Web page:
After graduating master's degree in May 2020 and being one of the unfortunate graduates to pass out without a graduation ceremony (due to COVID), I decided to continue working in the Research lab at VCU as a part-time research assistant. Later, when I started searching for an embedded software job, preferably in automotive industry that helps me apply embedded systems knowledge, and critical thinking skills, there were very less openings in the market due to the COVID situation in the world. My job search was further made hard due to the fact that I needed visa sponsorship, and I was not open to relocating, forcing me to look for fully remote positions. Embedded software engineers usually are expected to be at least in close proximity to the office due to the need to go to the lab and access hardware for system testing. My relocation restriction was not helping me in this regard and additionally, there were very limited embedded software openings in the 50-mile radius from my residence. I had to apply to around 10 companies to get one interview invite. Most of the companies have several rounds of interviews in their recruitment process. The first round is usually a screening call by HR to get to know us in brief, our job and work authorization requirements and for us to learn about the company. This is usually followed by one or two rounds of technical interviews which would involve coding exercises and technical questions in your subject area of expertise (embedded controllers, electronics, software, system architecture). This is mostly followed by a round of interview with the hiring manager, which is usually a resume-based interview, to see if we are a good fit for the company, team, and the company’s culture and core values.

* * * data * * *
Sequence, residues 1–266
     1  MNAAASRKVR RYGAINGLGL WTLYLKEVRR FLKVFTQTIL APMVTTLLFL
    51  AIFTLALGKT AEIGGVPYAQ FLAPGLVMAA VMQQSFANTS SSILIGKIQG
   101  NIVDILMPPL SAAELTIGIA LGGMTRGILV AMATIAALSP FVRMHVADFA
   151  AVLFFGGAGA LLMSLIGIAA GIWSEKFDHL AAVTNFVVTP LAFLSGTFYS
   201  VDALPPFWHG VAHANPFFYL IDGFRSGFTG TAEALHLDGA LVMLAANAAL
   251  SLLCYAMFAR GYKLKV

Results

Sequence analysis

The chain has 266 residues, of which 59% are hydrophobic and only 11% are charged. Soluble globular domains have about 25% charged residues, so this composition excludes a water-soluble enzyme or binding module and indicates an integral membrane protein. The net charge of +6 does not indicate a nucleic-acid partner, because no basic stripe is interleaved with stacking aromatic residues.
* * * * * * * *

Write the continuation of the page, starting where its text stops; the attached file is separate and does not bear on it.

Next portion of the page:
I had several bitter experiences during my job search. One time, due to the relocation restriction I had, a manager at an Embedded Software company asked me to give up the hope of looking for a job opening in Embedded Software field and instead switch to IT Jobs like web application development. After all these years of gaining work experience in embedded software engineering and successfully obtaining a master's degree in computer engineering, it was extremely dejecting to hear that comment. I also had another instance where after clearing five rounds of interview, I was informed that the company expects me to go to the office at least 3 days a week, for the position that was originally advertised as fully remote. After long waits and similar dejecting incidents, at some point, I lost hope that I would end up in my dream position at an embedded software company. But I did not give up!! I kept applying and attending interviews for months. Eventually after 6 months of job hunting, I got an exciting offer from DISTek Integration which offered me the perfect job I was dreaming for, Embedded Software development using model-based software development. Patience and perseverance finally proved to be fruitful.
Find out what gets your mind going, and then go for it. Not only should your head be present at work, but so should your heart; only then will you enjoy and excel at your profession. If you love to design systems, to write algorithms to get it working correctly, to see a system/device react based on control code you have designed, embedded software engineering and model-based engineering would be the right platform for you.
Be patient, keep learning and keep trying, the right job opportunity is waiting for you somewhere. If you are determined to stick on to your passion and put sincere efforts to keep learning from failures, you will definitely succeed at some point.
Understand that each interview you face is a learning experience for you. Understand that even though 99 jobs rejects you there will be a 100th that is waiting for you.
Final tips and insights
Hoping that all of you reading this article achieve their aspirations in their chosen careers. May your efforts, dedication, and determination lead you to the fulfilling and successful professional journey you envision.
Add some links to blogs, job portals, articles, newsletters and other sources for students to keep digging about your industry.
MATLAB and Simulink
CAN Communication protocol